Self-driving legislation unanimously advanced by U.S. House Subcommittee
Self-driving legislation by the U.S. House of Representatives’ Subcommittee on Digital Commerce and Consumer Protection (SubDCCP), the Highly Automated Vehicle Testing and Deployment Act of 2017, has unanimously advanced after the previously reported markup. The committee, chaired by Rep. Bob Latta (R-OH), cited safety as the primary focus for the legislation, noting that it’s necessary to establish safety parameters for the autonomous vehicle industry now as the industry moves forward.
The committee cited statistics that show more than 35,000 traffic fatalities occurred on U.S. roadways in 2015. If 2016 estimates are confirmed, it will mark the first time in almost a decade that more than 40,000 people have died in traffic accidents in a single year.
“Why is all of this important? One word: Safety,” said Latta of the Act. “We don’t have to accept a world where millions of accidents and thousands of fatalities on the roadway are a necessary evil of driving. In a nation of over 320 million, each year approximately 6 million Americans are involved in vehicular accidents, resulting in nearly 2 million injuries.”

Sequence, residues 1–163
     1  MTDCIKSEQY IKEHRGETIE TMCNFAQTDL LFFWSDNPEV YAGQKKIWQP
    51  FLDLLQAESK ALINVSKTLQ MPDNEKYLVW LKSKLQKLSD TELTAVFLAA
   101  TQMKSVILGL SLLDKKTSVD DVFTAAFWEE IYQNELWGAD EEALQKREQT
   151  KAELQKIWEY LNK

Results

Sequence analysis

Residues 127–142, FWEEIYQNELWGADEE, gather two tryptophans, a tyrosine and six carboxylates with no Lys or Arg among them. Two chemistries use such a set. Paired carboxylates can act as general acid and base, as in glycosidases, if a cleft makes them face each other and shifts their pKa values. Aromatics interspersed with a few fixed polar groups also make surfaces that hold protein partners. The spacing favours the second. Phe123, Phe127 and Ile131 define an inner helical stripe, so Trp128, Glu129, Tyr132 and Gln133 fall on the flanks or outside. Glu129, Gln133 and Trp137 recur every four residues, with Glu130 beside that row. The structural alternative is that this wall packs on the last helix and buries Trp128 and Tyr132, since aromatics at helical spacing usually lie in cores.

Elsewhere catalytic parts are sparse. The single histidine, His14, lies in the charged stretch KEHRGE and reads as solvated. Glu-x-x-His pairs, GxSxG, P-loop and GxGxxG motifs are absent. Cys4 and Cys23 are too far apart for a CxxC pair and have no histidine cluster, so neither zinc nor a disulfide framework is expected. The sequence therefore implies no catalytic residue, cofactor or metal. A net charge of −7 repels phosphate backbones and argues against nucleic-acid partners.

This bipartisan legislation for the industry is the first of its kind federally and, in addition to increasing safety, is intended to encourage innovation, increase mobility, and boost research and development. This legislation has undergone 14 drafts and unanimously passed out of the subcommittee after a voice vote.
The legislation lays out a non-prescriptive framework for the National Highway Traffic Safety Administration (NHTSA) to update existing safety standards and write new ones. According to the Ranking Member on the House Energy and Commerce Committee, Rep. Jan Schakowsky (D-IL), part of that effort would require autonomous vehicle manufacturers to submit safety assessment certifications. She says that information will help inform NHTSA's future rulemaking and help build consumer confidence in the technologies.
“We have reached an agreement that NHTSA should have a clear process for granting exemptions and list exempted vehicles in a public searchable database,” said Schakowsky. “The draft also includes important safety improvements that go beyond autonomous vehicles.”
Rep. Frank Pallone (D-NJ) noted cybersecurity as one of the key issues facing the industry.
“Any manufacturer entering this market must have cybersecurity practices in place before their cars are sold. And because human drivers are going to be driving vehicles on our streets and highways for the foreseeable future, the bill before us also contains legislative initiatives geared toward protecting drivers and passengers,” said Pallone. “This bill also ensures NHTSA is able to consider whether a car functions as intended, not just whether it meets specific standards.”
Full committee Chairman Greg Walden (R-OR) concluded, “For Americans to enjoy the benefits that self-driving cars have to offer, we must develop an appropriate regulatory structure that safely allows industry to innovate. We want aggressive oversight of the industry, but with the flexibility needed to test and generate the safest and most affordable technologies possible. There is an important balance we must strike, and I believe this legislation does just that.”